It was funny how ABS-CBN finally got the message. For quite sometime now, they have been guilty of duplicity; they have been harping about those darn billboards while conveniently forgetting that their own billboards litter EDSA as well. The station has announced that they are taking down their billboards. It must have been a major decision particularly because GMA has not said anything yet about taking down their billboards (and the GMA billboards are bigger both in terms of size and quantity).

And maybe the Catholic hierarchy can also show some moral fiber by removing their billboards along EDSA as well. It is difficult to preach from a higher moral ground when people know that you are guilty of putting lives in danger.


***

I was a little intrigued to read reports that detail Senator Miriam Defensor Santiago's bout with anorexia. Hmmm. I know that anorexia is a serious disease, but there are times when I can't help but wish I have selective anorexia. It's just that I find eating such a pleasurable activity and as result, I have ballooned to - never mind the exact number of kilograms.

What was likewise amusing was the way she was quoted in the reports. She admitted that it is a disease that is both physiological...and... attitudinal. Actually the technical term should be psychological, but well, I don't think the feisty lady wants that word attached to her for obvious reasons. What do you mean you don't know what those reasons are?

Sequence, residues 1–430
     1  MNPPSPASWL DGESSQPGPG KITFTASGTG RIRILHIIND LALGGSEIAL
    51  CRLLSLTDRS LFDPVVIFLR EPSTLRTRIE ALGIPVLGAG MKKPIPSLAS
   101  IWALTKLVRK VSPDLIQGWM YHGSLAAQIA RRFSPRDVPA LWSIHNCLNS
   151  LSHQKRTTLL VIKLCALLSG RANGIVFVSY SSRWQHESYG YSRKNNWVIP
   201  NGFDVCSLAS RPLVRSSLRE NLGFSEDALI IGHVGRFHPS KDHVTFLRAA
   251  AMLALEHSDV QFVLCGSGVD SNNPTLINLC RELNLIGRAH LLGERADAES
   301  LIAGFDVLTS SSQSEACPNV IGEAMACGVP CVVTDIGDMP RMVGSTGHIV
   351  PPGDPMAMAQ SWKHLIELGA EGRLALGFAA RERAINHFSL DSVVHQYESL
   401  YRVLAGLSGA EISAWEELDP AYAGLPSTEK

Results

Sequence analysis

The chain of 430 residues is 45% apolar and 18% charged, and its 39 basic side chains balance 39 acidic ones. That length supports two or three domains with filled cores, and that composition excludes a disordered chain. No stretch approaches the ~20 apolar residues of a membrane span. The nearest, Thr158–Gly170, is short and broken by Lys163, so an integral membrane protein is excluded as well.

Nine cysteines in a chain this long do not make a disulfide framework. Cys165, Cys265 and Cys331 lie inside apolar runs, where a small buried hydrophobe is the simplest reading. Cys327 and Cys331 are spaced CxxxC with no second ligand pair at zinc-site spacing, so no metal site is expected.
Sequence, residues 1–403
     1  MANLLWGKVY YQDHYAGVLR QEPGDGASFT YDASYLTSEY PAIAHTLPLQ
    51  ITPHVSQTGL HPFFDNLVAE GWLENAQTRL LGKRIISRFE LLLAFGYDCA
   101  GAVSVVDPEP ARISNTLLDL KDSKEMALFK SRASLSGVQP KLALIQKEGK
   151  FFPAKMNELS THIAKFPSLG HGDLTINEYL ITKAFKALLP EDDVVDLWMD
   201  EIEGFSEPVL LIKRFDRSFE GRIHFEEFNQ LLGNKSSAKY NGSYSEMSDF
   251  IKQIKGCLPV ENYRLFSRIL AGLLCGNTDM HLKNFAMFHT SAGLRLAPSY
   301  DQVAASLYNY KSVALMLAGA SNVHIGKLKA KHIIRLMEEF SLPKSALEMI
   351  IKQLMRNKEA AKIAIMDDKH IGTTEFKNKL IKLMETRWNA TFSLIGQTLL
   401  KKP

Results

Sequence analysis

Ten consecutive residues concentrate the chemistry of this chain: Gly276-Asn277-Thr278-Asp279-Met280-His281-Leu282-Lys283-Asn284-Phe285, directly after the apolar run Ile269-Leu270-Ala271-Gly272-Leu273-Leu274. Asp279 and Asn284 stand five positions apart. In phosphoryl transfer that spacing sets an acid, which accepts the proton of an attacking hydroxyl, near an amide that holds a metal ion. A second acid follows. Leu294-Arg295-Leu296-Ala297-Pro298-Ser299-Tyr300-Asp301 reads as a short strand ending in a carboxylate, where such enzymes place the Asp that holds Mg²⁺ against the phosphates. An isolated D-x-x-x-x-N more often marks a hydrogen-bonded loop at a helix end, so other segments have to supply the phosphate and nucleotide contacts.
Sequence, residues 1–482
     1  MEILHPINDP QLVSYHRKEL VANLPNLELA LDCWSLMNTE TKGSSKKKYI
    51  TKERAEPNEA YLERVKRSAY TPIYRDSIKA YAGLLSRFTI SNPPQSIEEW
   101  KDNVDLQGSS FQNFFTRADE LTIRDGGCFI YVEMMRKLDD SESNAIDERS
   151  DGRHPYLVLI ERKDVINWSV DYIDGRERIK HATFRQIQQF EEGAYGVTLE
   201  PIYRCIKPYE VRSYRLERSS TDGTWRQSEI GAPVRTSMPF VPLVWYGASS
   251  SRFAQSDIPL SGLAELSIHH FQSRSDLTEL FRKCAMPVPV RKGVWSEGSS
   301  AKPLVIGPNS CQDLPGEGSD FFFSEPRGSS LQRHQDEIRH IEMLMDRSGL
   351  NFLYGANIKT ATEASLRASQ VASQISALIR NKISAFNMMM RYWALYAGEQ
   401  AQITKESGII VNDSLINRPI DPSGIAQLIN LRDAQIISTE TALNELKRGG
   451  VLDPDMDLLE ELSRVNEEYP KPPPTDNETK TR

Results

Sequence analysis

***

I don't know about you, but I find all this debate about the nursing board exams fiasco so annoying already. If someone just came up with a decision very early on and implemented it ASAP rather than allowed this whole analysis by paralysis to take over, the problem should have been over by now.

But no, we have to get everyone's opinions first and go through all these charade about investigating people and all that hoopla. For crying out loud, someone resolve this issue and get it over and done with. And throw those guilty into the prison bin.

Wednesday, October 04, 2006

Thievery and obstinacy

The following is my column today, October 4, 2006 at the op-ed section of the Manila Standard Today.

In a perfect world where balance is the norm, a storm is nature’s way of cleansing itself of whatever it is that needs to be expunged from the system. It can be a welcome thing. But since we live in an imperfect world, a storm is an inconvenience, a punishment, a nuisance, etc.

I do not want to make light of the hardships that many are experiencing in the aftermath of Milenyo. However, it is important to put the misery in context. Forces of nature cannot be controlled and our best hope lies in having the contingencies to deal with them and their consequences.

Thus, it is wrong to attribute our current difficulties to Milenyo. We are in deep trouble today because of the lack of foresight among our leaders, because of greed of some corporations and some people, general ineptitude and incompetence of certain people, apathy, etc. The storm was a force of a nature. Our problems are man-made.